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Originally Posted by Edric Streona View Post
It's 25 years of campaigning. Battles usually only lasted a day (some 2 or 3) but campaigns could last years. 25 years of mental and physical strain took its toll.

And while the Somme lasted 6 months most units were rotated out and not in combat for the whole period. For the British it was 4 days frontline, 4 days reserve and 4 days rest.
Napoleon was not campaigning for 25 years, he was having years in between campaigns.
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Old January 2nd, 2017, 04:26 PM   #18

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Hannibal fought about thirty, so he isnt close, but Caesar I read around fifty odd.

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Old January 2nd, 2017, 08:39 PM   #19

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Originally Posted by Foundry View Post
I doubt this, raids are also being taken as battles i think.
If a raid is resisted, resulting in an armed clash between both parties, it is per definition a "battle". I never said all of Subutai's battles were big or even relevant from a greater perspective. The same can be said for all commanders with a high battle count, however.
Quote:
Originally Posted by Lord Oda Nobunaga View Post
Me too! If we count all operations and raids it would probably be like 50 or 60 total.

I have an extremely hard time believing this. Unless we consider tribes to be nations.

Maybe Subutai took part in 60 operations if we include those as a subordinate to Genghis and other generals. But commanding battles and campaigns on his own... meh.
I think many of the misconceptions about Subutai come from Richard Gabriel, not that I have anything against the guy but as one of the only books about Subutai his provides the source of understanding about this general in the west.
I prefer not to treat "tribes" and "nations" differently throughout history, just as I do not separate "barbarians" from "civilizations". Such definitions are simply too vague - not to mention discriminatory - in my opinion. Is there any universally accepted means of defining the difference?

I agree that he likely fought under Genghis Khan in many of those battles. However, we must never presume that holding a subordinate command is in any way a discredit to a person's competence or military achievements. Many of the commanders under Alexander the Great, Karl XII or Napoleon I were exceptionally brilliant and often crucial for their monarch's success on the battlefield - some were said to rival or even surpass their "superiors". The same can be said for Subutai. While he is certainly overrated by many, I do consider him to be one of the most capable commanders of the medieval era - not that I wish to overlook the achievements of other Mongol generals, and of course not Genghis Khan himself.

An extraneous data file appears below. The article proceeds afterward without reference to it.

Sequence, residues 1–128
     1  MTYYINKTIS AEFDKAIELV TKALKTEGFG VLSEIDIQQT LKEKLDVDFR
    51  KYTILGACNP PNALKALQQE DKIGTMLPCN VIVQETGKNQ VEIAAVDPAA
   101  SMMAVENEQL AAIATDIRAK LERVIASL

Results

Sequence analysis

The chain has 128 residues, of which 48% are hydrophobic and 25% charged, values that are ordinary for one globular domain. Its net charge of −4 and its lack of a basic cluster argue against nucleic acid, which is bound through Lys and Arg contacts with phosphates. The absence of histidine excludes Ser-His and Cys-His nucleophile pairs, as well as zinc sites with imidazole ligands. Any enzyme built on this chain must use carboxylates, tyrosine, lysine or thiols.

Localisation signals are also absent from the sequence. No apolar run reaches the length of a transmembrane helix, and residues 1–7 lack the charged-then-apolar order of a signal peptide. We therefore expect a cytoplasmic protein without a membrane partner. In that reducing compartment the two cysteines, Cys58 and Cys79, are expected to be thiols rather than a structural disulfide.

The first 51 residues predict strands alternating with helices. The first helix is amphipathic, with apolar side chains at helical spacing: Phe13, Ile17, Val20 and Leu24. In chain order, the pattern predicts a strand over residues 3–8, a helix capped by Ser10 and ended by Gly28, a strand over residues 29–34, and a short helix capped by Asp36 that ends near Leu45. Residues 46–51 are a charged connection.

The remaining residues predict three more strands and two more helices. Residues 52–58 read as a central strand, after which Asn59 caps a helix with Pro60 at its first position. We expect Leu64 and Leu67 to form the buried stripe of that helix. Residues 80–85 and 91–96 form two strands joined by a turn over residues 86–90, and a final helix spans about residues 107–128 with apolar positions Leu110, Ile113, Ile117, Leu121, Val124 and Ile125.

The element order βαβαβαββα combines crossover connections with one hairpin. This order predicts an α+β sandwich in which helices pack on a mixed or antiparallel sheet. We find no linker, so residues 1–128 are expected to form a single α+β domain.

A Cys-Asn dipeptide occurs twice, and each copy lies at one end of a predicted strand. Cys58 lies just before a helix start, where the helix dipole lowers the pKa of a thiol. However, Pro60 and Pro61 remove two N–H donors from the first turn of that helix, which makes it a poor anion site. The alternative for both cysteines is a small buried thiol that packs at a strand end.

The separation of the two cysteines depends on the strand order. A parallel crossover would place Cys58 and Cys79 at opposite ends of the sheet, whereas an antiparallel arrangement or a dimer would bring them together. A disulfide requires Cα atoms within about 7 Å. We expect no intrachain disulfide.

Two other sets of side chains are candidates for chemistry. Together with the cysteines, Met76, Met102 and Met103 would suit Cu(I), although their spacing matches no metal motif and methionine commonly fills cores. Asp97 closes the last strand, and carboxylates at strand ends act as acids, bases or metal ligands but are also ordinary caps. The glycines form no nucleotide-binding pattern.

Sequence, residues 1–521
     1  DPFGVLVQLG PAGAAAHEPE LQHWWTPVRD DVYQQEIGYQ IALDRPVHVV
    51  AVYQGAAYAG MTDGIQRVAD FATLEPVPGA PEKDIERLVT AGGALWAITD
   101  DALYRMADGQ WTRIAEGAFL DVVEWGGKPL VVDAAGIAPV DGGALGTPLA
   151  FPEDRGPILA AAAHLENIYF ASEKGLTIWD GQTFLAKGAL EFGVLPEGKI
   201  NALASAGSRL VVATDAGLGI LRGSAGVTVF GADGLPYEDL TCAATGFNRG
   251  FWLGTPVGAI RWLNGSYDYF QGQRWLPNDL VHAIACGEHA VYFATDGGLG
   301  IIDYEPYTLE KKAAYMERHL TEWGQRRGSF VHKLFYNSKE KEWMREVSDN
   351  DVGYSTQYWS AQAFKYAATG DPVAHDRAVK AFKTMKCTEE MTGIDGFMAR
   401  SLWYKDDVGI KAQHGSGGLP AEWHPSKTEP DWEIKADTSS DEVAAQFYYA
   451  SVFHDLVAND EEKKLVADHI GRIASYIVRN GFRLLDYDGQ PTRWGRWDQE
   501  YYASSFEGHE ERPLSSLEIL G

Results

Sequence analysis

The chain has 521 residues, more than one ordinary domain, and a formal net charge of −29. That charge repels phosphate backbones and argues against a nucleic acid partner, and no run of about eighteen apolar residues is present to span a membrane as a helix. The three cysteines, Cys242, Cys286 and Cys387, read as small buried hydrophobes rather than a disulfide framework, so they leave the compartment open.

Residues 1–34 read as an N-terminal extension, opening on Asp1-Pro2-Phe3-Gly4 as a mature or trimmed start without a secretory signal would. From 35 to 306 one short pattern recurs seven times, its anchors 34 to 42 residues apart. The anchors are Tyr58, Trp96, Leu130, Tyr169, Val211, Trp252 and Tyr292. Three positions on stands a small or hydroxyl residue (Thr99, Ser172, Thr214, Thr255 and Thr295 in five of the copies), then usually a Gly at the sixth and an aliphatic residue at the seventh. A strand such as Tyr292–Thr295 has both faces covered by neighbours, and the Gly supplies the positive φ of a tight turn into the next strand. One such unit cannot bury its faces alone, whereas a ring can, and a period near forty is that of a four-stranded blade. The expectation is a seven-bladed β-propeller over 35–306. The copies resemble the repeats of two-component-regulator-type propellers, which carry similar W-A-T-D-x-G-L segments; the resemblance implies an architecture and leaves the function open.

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Old January 2nd, 2017, 08:53 PM   #20
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Quote:
Originally Posted by Chlodio View Post
We should first decide why it matters how many battles Napoleon fought. Most of Napoleon's battles lasted only one day. Sixty days of combat over the course of 25 years is nothing compared to the accumulated combat totals of 20th century soliders. The Battle of the Somme by itself lasted six months. There are many other single battles that lasted more than 60 days.

One reason (among many) offered for Napoleon's poor performance at Waterloo is that after 25 years of war, his health was broken. If we're only counting the number of battles, that wouldn't seem to account for his broken health.
Napoleon's health problems were self inflicted. He liked keeping a good table. (hardly on his own in these regard in tis period)

Why is that when Napoleon loses there always an excuse. Blucher had a stroke (unfortunately when he had Napoleon on toast in 1814), was occasionally quite insane, was a very old man, Still leads a cavalry charge Ligny.